INTERIOR: the interior of Longholt is simple but little-altered, with original cornices and joinery, including six-panel doors to principal rooms. Of the three principal ground floor rooms, one (identified as the smoking room on an early floor plan) has lost its fireplace. The drawing room has a herringbone parquet floor, plaster panels above a dado rail, and a full-height hardwood chimneypiece which comprises a moulded fire surround and mantelshelf, with a grid of unmoulded panels above. The slip and hearth are of polished black granite. The fireplace in what was referred to in early plans as the dining hall, has a simple oak surround with a deep mantelshelf, and a pale polished stone slip and hearth. The stair is straight with a painted square newel and closely-spaced square balusters, supporting a hardwood handrail. Some of the bedrooms retain their fire surrounds, which are painted cast iron or tiled, with deep friezes and mantelshelves.
Longholt, known historically as Long Holt, was built in 1911 to the designs of H R and B A Poulter, FRIBA, for Viscomte Lester Ramsay de Fonblanque. The house was built by Martin & Co of Tonbridge.
Harry Reginald Poulter (1879-1966) and Briant Alfred Poulter (1881-1972) were brothers who practised together from an office in their home town of Camberley, Surrey. It was a successful local practice, with much of their work being in Surrey, if not Camberley, and including municipal, ecclesiastical and domestic buildings. Four of their buildings are known to be listed.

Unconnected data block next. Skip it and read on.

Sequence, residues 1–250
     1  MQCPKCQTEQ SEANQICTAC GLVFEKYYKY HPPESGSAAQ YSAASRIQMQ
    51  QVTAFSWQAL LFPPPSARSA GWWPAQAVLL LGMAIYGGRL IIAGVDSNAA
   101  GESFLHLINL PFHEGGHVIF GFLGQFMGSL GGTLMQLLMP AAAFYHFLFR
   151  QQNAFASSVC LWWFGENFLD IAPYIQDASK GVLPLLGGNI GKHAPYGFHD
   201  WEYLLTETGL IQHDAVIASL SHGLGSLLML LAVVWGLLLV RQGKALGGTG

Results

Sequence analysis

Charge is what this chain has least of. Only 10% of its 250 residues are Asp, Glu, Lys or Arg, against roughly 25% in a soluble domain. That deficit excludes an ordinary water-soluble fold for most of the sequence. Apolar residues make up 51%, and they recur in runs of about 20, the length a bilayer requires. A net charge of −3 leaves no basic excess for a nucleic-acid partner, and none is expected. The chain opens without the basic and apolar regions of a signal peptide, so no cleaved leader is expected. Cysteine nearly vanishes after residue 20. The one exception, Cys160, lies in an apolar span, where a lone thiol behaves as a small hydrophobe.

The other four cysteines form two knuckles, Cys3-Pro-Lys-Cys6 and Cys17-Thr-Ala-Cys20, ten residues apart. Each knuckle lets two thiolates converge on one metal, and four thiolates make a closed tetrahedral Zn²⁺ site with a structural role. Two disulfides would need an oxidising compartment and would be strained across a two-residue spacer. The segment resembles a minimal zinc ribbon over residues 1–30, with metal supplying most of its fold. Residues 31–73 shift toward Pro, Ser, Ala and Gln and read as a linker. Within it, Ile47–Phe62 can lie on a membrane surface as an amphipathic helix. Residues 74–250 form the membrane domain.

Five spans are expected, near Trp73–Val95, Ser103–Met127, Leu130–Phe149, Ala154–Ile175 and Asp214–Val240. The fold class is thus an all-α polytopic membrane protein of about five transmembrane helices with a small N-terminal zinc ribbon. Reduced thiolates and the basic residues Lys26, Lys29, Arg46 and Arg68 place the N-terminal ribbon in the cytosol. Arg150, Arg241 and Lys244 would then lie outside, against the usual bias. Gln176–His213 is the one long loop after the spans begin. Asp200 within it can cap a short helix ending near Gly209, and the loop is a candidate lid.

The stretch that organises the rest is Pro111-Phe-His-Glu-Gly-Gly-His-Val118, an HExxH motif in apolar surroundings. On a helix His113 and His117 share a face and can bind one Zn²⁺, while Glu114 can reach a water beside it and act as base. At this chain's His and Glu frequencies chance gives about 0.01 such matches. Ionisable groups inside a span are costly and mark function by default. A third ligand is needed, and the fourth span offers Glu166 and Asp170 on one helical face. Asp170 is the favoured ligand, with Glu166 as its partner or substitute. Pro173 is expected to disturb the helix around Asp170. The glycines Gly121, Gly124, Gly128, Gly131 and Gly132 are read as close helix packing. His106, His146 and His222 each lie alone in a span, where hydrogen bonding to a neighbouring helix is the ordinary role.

Longholt originally had a small service yard to the north, but this was later replaced with a larger service wing, probably in the 1920s. This new wing provided servants' rooms, garaging and stores downstairs, and a nursery and servants' bedrooms above. The extension also provided the main house with open, south-facing loggias on two storeys. Longholt was advertised for sale in the late 1950s, and following its sale the majority of the later wing (not including the loggias) was converted into a separate, self-contained, dwelling known as 'The Wing'.
Longholt, has undergone little alteration, the main exceptions being the opening-up of the pantry and larder into the kitchen, the addition of a small conservatory in front of the ground-floor loggia, and the enclosing of the first-floor loggia to form a small room.
Longholt and The Wing, 1911 and c1920, now occupied as two separate houses, are listed at Grade II, with the exclusion of the majority of The Wing from the designation, for the following principal reasons:
* Architectural interest: executed by an architectural practice of regional note, Longholt combines neo-Georgian and Arts and Crafts elements in a restrained but handsomely-wrought piece of early-C20 domestic architecture;
* Level of survival: Longholt survives well inside and out, retaining its distinctive linear floor plan and elegant interior fittings.